Don’t let the cold weather scare you away from hitting one of the great trails around St. Louis. Winter can be a perfect time for venturing outdoors. Not only are the ticks and oppressive heat absent, but so are the crowds. Some of the outstanding views that are normally blocked by vegetation are now wide open. Just spending time outside can also be a wonderful way to beat the winter blues. Here are 10 amazing trails near St. Louis well worth bundling up to explore.
Babler State Park
Babler is a natural oasis close to the city. Visit after a fresh snowfall and be transported to a winter wonderland of white. A large variety of trails can be found here. If you want to avoid muddy conditions, the paved bike trail is a great choice for exploring. Check out the stone tunnels and other CCC craftmanship that can be found throughout the park.
It’s all about the ice at Pickle Springs in winter. The towering bluffs and trickling waterfalls form dramatic icicles. The scenic Trail through Time trail is 2.5 miles of beauty. The whole family will enjoy the unique rock formations, slots, and arches.
Great Rivers Greenway
The Great Rivers Greenway is an extensive network of trails throughout the St. Louis metro area. If you are looking for a paved or stroller friendly option, any of the trails in the network are a good choice.
Two that are extra nice in winter are Cliff Cave and Jefferson Barracks. Cliff Cave has both paved and unpaved trails. The paved portion passes a scenic waterfall and has a great Mississippi River overlook. The Jefferson Barracks Greenway parallels the river for a chance of glimpsing eagles. Kids may enjoy watching the barges chug by.
Once the site of an old silica sand quarry, the area has been preserved as the beautiful and unique Klondike Park. 4 miles of both paved and unpaved trails wind around the scenic quarry lake as well as along the bluff. You can catch a great view of the Missouri River and Katy Trail from atop the bluffs.
Hawn State Park
I say it over and over, but Hawn is one of the most beautiful state parks in a state full of amazing parks. The rushing cascades of Pickle Creek are extra stunning surrounded by snow. Colder temps bring unique ice formations along the water. Use extra caution here as wet feet in winter are more than just an annoyance.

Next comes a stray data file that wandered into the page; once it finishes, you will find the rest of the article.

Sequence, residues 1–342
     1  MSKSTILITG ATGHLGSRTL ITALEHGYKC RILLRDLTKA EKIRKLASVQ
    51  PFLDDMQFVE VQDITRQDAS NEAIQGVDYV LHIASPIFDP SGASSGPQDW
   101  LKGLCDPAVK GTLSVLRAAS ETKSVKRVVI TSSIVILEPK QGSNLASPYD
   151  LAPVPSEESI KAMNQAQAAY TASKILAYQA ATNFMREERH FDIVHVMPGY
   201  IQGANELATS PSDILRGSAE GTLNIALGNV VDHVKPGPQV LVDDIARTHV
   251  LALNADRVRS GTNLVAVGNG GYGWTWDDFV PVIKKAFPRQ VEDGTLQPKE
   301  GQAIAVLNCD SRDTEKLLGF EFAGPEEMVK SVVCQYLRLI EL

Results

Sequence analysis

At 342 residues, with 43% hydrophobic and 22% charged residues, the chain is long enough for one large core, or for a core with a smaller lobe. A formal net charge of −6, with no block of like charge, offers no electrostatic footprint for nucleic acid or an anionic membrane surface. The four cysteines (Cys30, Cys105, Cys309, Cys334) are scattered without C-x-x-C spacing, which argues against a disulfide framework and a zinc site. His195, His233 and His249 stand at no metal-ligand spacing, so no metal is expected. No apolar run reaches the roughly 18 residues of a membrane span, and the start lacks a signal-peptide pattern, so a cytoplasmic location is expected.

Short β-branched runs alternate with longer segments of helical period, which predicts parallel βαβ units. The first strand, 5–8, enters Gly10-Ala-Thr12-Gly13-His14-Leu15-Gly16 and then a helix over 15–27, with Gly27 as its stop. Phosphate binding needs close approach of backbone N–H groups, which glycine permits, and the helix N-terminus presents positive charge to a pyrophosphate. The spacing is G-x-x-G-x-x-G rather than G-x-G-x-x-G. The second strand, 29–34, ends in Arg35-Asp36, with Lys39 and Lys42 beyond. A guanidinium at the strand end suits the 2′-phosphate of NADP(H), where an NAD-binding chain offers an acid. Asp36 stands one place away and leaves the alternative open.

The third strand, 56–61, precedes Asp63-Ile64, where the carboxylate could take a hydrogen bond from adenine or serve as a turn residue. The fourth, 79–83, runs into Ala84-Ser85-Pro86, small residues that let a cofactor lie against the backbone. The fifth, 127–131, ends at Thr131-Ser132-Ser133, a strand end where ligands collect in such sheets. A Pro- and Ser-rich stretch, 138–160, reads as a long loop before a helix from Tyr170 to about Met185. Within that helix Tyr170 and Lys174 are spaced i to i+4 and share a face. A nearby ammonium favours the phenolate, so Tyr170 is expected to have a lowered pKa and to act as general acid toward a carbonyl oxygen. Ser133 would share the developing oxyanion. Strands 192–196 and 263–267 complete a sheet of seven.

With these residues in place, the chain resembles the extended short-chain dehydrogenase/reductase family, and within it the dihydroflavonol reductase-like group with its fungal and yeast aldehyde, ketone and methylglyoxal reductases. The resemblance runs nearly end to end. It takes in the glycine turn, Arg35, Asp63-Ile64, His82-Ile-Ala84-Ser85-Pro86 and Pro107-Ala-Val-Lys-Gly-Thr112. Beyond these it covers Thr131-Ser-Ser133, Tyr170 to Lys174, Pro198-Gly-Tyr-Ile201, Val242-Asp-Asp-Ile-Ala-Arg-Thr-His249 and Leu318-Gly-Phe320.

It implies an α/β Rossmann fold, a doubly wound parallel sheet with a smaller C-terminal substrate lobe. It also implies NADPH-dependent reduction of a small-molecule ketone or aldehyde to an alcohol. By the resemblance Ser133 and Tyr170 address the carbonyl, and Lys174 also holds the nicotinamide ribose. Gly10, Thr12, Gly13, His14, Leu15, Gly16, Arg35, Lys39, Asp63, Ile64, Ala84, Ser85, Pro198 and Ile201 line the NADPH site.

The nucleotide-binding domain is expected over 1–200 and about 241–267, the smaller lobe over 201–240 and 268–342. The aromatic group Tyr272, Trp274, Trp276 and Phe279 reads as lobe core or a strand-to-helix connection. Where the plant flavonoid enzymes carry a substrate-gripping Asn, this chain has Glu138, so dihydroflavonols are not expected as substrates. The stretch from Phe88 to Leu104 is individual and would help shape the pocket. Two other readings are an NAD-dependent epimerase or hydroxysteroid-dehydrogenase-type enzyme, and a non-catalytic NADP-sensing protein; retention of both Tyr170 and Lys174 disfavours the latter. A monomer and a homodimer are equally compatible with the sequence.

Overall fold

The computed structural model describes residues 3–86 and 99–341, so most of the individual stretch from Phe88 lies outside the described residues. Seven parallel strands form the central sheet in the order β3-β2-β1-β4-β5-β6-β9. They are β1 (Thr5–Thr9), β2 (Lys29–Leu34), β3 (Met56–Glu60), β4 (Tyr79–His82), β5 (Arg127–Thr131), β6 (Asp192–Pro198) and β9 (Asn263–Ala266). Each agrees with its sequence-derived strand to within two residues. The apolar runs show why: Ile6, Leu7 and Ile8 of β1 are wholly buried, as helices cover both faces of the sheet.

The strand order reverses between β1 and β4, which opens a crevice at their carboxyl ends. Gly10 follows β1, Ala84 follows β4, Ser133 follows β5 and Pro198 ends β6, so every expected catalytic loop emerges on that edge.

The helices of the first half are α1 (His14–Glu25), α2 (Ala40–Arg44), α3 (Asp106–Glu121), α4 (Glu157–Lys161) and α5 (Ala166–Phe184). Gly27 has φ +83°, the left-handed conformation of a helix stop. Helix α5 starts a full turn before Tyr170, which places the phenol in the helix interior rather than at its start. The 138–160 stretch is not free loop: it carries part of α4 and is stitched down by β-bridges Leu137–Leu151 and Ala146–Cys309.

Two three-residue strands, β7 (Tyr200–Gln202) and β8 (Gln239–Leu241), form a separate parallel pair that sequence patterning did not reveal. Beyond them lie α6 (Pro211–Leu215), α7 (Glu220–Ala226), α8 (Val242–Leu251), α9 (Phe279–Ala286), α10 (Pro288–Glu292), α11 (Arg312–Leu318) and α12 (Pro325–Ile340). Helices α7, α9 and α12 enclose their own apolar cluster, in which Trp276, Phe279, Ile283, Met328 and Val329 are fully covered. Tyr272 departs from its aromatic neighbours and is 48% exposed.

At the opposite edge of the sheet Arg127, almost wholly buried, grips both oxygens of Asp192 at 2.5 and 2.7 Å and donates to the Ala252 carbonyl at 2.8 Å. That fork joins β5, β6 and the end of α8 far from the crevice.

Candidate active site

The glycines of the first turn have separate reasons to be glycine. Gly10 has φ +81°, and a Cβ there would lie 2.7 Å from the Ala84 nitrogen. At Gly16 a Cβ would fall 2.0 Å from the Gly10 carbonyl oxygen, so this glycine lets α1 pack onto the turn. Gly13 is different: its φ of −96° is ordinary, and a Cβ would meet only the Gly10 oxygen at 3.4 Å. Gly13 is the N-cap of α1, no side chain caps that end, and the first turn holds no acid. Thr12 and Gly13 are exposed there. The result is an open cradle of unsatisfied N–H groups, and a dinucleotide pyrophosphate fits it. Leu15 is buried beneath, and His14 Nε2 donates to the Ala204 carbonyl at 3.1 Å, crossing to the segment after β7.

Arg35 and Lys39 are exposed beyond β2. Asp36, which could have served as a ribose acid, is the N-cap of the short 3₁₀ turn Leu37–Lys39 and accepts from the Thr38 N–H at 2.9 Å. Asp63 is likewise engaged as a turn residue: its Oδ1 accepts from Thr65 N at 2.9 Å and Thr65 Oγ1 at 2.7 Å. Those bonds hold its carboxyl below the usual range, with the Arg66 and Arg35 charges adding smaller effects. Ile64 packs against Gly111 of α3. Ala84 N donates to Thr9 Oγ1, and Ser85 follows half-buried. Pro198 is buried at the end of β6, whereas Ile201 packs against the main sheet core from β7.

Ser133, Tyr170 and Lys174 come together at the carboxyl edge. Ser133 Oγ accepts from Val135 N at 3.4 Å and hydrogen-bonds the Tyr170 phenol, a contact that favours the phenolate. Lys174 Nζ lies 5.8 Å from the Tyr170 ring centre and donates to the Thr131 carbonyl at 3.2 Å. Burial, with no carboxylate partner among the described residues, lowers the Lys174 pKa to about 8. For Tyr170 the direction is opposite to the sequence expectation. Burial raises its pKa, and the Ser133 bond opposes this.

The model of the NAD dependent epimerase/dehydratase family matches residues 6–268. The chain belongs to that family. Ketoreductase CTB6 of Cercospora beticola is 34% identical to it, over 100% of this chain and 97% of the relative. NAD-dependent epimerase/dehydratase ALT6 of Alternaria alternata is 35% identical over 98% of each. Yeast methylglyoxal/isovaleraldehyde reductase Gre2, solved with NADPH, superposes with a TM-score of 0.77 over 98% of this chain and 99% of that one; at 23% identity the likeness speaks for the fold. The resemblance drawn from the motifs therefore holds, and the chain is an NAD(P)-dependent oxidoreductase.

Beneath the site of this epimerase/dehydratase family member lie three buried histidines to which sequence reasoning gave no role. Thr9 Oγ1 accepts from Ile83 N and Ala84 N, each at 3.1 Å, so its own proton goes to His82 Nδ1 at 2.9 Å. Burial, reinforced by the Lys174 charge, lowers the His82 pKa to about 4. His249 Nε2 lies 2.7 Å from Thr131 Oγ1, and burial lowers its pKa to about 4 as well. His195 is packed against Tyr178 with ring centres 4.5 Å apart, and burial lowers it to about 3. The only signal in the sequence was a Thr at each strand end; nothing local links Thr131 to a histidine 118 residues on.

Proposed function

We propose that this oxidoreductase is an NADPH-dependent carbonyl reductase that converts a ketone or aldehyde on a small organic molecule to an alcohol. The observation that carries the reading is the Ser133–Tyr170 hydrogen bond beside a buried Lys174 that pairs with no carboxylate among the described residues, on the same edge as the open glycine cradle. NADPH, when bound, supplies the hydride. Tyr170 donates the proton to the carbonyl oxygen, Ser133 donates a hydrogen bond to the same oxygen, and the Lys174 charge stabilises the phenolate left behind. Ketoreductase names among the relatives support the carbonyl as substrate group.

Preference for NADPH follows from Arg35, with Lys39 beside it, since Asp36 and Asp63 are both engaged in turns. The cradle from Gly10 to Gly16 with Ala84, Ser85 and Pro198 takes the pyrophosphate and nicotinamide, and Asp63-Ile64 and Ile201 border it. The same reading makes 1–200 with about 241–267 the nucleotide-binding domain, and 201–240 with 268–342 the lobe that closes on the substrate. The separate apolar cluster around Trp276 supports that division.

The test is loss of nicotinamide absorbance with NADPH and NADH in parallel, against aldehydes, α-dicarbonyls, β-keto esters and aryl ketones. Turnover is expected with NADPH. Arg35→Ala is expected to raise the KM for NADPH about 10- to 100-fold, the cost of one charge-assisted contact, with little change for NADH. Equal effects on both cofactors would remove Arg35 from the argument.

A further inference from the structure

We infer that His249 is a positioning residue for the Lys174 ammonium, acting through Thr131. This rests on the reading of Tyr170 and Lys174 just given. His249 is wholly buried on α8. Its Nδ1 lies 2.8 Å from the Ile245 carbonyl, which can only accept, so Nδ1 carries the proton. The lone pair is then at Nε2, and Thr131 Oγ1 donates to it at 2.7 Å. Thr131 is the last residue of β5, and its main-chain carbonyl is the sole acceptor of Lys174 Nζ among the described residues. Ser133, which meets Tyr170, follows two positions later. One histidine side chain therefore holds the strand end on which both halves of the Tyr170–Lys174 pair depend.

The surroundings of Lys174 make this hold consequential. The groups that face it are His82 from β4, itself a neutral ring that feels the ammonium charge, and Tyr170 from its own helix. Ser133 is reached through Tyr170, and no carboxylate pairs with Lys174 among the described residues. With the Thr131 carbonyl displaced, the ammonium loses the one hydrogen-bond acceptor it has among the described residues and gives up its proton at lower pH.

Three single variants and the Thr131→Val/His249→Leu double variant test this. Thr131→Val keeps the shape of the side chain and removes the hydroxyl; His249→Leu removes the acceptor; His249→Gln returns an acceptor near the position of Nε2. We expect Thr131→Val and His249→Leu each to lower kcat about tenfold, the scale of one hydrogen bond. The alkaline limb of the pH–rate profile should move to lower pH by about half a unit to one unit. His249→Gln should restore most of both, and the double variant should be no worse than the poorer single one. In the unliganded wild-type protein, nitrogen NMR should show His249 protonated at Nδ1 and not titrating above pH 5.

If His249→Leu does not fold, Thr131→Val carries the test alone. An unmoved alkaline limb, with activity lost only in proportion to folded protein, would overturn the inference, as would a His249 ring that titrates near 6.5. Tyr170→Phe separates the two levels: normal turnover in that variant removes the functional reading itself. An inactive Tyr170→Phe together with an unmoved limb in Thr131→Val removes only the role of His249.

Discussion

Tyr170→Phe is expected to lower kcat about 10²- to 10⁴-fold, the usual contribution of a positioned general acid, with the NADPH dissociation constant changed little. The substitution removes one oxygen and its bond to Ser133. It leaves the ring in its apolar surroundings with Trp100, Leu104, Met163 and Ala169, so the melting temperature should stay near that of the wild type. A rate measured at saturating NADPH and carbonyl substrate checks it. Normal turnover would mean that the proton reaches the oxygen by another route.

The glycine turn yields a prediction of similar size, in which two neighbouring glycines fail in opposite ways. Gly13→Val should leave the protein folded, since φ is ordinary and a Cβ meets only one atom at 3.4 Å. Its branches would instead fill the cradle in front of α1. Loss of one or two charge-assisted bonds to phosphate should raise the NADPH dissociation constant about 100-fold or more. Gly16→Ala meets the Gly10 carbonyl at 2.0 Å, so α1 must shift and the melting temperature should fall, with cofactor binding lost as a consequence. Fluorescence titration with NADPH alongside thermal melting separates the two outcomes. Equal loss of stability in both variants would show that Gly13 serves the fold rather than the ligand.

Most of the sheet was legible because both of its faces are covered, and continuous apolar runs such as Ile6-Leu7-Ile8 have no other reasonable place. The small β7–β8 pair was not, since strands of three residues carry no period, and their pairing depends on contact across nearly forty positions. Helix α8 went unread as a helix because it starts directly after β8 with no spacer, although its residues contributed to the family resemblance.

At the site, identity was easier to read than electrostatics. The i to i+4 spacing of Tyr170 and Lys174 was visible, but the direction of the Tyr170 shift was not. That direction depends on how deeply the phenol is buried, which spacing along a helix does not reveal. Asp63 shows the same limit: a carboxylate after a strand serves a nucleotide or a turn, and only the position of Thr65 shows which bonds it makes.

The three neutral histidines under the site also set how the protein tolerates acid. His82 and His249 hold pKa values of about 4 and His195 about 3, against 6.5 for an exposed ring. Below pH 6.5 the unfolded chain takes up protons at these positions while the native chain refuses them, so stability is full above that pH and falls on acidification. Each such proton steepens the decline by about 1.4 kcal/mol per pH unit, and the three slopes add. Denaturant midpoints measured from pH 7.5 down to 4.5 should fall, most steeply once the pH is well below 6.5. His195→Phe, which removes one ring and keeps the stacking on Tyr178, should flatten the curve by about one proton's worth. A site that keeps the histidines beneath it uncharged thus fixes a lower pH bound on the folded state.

Don Robinson is another Missouri state park gem. The waterfalls that come to life along the Sandstone Canyon trail after a heavy rainfall turn into pillars of ice in winter. This park has become very popular since it opened so winter is a great time to experience it without the crowds.
The views here are always great and the whole family will marvel at the unique “Devil’s honeycomb” rock formations. A large portion of the Hughes Mountain hike is exposed which means the warmth of the sun will reach you during the one mile hike to the top.
Millstream Gardens Conservation Area
This unique spot is a year round stunner. Missouri’s only stretch of true whitewater rapids can be found at Millstream Gardens. Warmer weather brings kayakers in droves to try their luck navigating the waters. Winter means less crowds and more serenity. Explore the viewpoints above the water either by taking a one mile paved trail or continue closer to the edge along the unpaved path.
Pere Marquette State Park
Heading over to the Illinois side, Pere Marquette is one of the state’s top parks. Take a hike on the Goat Cliff trail up to McAdams peak for panoramic views of the Illinois River valley. This spot is extra stunning and worth climb for sunset. The park is also a popular place for winter eagle watching due to it’s location along the river.
Fults Hill Prairie
It’s about the view at Fults Hill Prairie. Winter means the steep climb at the start is not quite as difficult as attempting it in the dead of summer. This trail can become overgrown with prairie grass in warmer weather so winter is a great time to explore without worrying about picking up ticks.
Do you have a favorite winter hike? If you are new to hiking in winter be sure to bundle in layers, bring plenty of water, and make sure your shoes have good traction for icy conditions. (We are big fans of these warm and waterproof gloves for the kids and these hiking boots have built in ice cleats for traction.) As always, be sure to leave no trace and pack out what you bring in.